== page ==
On the financial front, more than three-quarters of respondents, for example, noted that a superior reputation helps to sell products and services; nearly a quarter saw it paying off in higher valuations and growing stock prices; and28 percent saw reputation having an effect on a company’s pricing power.
In terms of the most touted of resources-people-61 percent saw a connection between reputation and a company’s ability to attract top employees, and 41 percent said a top reputation leads to lower employee turnover. Those are major considerations in an increasingly tight job market and indicate that a company’s reputation can be a key piece of ammunition in what’s come to be known as the war for talent.
And, adding armor to that ammunition, reputation, it appears, begets reputation. More than half of respondents said a company with a solid reputation is more likely to be viewed positively in a time of crisis than one viewed questionably by an already skeptical public.
What makes that reputation? When asked to name the top three elements of “a superior corporate reputation,” nearly three-quarters cited trustworthiness, and an equal percentage looked to “high-quality products and services.” Also important: a high-caliber management team (43 percent); the sense the company adds value to all customer transactions (39 percent); the impression that the company conducts business in a caring way (28 percent); and an established reputation for innovation (23 percent).
Surprisingly, however, despite their clear and growing understanding of the impact of reputation management, few respondents said their companies actually went to the trouble of measuring reputation as an asset. Only 19 percent of all companies represented said they had formal measurement systems, and while this figure was slightly higher for respondents at larger companies—those with annual revenue in excess of $500 million-it topped out even there at a mere 25 percent. Moreover, only 40 percent of respondents indicated that their boards held them responsible for the corporate reputation. And when it came to measuring those who were, by definition, charged with reputation management the corporate communications professionals respondents barely gave them a passing mark (7 on a scale of 1 to 10).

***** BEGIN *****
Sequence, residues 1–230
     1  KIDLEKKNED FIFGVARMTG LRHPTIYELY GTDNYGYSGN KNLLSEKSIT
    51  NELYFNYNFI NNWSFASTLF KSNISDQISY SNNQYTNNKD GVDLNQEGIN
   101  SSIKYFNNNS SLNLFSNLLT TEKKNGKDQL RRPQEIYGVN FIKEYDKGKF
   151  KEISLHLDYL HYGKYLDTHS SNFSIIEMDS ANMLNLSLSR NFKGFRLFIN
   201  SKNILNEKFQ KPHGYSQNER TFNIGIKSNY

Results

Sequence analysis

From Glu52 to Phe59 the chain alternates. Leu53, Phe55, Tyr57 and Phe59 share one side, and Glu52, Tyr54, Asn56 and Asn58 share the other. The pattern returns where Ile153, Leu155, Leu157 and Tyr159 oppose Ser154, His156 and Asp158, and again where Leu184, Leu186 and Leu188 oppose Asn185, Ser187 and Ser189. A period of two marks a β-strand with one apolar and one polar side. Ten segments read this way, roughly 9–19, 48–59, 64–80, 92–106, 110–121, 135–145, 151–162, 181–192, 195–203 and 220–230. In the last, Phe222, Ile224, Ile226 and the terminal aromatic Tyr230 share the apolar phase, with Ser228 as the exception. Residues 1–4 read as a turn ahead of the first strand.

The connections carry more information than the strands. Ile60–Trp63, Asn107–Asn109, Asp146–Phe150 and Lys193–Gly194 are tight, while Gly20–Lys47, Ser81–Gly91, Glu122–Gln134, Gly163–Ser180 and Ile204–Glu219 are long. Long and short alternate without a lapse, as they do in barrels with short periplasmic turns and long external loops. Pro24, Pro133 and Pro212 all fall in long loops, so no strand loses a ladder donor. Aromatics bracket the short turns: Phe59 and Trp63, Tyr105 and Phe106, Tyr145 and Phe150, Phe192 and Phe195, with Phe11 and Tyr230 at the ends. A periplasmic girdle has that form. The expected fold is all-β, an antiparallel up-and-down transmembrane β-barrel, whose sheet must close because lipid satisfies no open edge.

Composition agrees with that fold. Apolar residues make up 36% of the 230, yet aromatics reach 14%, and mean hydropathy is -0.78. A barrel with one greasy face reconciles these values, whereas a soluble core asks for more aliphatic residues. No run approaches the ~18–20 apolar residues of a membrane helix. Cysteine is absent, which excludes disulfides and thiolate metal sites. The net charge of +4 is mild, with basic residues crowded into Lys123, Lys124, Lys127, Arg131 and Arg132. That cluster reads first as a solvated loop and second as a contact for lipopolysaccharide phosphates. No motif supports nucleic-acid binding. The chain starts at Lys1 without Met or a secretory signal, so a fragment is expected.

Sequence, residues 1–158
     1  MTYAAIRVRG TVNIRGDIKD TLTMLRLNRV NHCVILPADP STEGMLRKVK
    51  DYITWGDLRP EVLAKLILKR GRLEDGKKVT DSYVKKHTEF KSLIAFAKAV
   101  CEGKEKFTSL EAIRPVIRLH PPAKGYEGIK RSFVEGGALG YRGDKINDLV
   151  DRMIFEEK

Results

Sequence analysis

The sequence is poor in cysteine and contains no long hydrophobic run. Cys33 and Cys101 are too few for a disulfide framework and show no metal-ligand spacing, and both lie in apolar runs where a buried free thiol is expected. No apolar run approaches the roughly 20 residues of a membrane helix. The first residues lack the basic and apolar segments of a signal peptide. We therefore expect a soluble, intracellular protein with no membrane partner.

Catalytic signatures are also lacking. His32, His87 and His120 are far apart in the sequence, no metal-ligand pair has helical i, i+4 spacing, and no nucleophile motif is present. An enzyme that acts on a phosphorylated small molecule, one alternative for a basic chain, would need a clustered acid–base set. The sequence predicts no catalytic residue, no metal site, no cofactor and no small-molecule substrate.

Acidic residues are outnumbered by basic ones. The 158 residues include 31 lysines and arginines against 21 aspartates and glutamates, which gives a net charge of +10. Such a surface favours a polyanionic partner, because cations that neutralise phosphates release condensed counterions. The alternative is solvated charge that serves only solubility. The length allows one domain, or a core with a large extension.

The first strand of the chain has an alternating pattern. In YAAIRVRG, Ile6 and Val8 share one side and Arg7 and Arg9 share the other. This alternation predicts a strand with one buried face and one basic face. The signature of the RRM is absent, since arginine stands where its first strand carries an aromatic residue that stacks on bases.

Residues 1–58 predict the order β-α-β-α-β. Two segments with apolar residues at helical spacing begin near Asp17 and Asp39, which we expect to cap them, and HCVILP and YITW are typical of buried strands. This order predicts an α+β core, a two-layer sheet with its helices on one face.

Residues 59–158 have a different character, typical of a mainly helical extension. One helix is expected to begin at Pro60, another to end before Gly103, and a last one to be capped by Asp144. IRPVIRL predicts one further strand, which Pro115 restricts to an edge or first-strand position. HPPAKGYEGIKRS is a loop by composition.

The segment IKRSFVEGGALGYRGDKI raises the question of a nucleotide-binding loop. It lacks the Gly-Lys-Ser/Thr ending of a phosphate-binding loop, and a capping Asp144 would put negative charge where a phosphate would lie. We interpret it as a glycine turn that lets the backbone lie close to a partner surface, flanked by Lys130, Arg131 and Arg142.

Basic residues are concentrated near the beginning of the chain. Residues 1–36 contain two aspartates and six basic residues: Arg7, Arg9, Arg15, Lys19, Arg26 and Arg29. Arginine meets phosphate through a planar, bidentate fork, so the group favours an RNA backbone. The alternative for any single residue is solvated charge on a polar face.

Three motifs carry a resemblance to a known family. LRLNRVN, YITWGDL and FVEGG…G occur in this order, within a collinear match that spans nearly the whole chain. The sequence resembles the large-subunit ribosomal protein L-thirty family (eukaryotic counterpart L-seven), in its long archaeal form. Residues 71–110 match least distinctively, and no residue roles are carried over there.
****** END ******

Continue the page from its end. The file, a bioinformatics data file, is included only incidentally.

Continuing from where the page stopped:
So is there a disconnect? If CEOs champion reputation management as a means for achieving business objectives, but corporations don’t think it important enough to measure, don’t charge CEOs with maintaining it, and believe there’s room for improvement in their communications departments, does that imply that reputation is simply a motherhood issue, a PC stance to take-regardless of how firmly you’re willing to back it up? Or is corporate reputation an act in progress, a game of catch-up?
It seems more likely that corporations have simply not yet formalized the directions in which their management is already moving. For CEOs’ impressions are borne out by a host of other recent surveys and point the way to a clear and present trend. For example, a recent study by NYU’s Stern School of Business indicated that investors are willing to pay more for companies with higher reputation and that undergraduate business students are most attracted to jobs in those companies. A Yankelovich Partners survey of upscale customers found that when it came to buying products, recommending employment, and even selling their own businesses, respondents said they’d choose companies with winning reputations by a margin of at least 3 to 1.
How critical are those perceptions to business in general? Consider how business is still portrayed in the media. According to the Center for Media and Public Affairs, businesspeople are still three times more likely than other professionals to be criminals on TV shows.
What will change that perception? A sit-in at Universal Studios? CEOs moonlighting as script doctors? Or concrete programs of corporate reputation management, led and monitored by chief executives? According to these survey respondents, the choice is more than obvious.